Roger Bacon Hall Biology Labs
Roger Bacon Hall
Roger Bacon (RB) is Siena's original science building and is adjacent to the Morrell Science Center. RB houses the Computer Science, Math, and Physics Departments. As shown below, a few biology laboratories also remain in RB, along with most lecture classrooms for science courses.
RB132 - Neurobiology
An upper level course in Neurobiology (BIOL-440) is offered in this laboratory during the fall semester. Students learn how to record the electrical activity of neurons using microelectrodes. In subsequent labs, students inject neurons with fluorescent dyes, study impulse conduction and synaptic transmission, and analyze the properties of neuronal circuits. The semester ends with a student-designed independent project. In the spring, this lab is used to teach General Biology for Social Sciences labs, a required course for Psychology majors. Students dissect preserved specimens to learn the anatomy of various organs. In addition, they carry out physiology experiments and computer simulations to learn fundamental principles of human physiology.
RB 122 - Ecology
Every biology major will take at least one course in the organismic and population biology course area. A number of "field courses" fulfill this requirement including Ecology, Biology of the Vertebrates, Behavioral Ecology, Plant Ecology and Tropical or Marine Biology. Labs emphasize field trips to sites both near and far. Lab for tropical or marine biology, for example, consists of a two-week trip to the Bahamas.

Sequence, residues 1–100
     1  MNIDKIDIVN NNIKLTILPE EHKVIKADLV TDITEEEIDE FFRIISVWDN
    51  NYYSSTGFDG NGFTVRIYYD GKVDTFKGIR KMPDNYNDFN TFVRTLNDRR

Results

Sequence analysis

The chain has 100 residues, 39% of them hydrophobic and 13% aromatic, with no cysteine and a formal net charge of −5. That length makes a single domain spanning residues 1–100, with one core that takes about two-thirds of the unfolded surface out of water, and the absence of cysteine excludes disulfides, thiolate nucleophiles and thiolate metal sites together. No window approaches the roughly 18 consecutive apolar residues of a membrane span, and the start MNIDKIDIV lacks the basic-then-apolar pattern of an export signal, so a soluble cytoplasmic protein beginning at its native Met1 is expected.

RB222 - Biology Lab
Renovated in 2009, this is an ecology lab that is used for courses such as Behavior Ecology. It is also used to teach for BIOL-190, Writing and Research Skills for Biologists.
RB228 - Biology Student Project Lab
Renovated in 2009, this lab is used to support student projects in our Writing and Research Skills for Biologists (BIOL-190) course). BIOL-190 is a required course for all biology majors and covers the fundamentals of scientific inquiry and scientific writing. Students design and carry out an experiment, analyze the data and then write a complete scientific paper describing their results. Students learn how to achieve all this through a series of interactive computer exercises, workshops and peer-editing classes.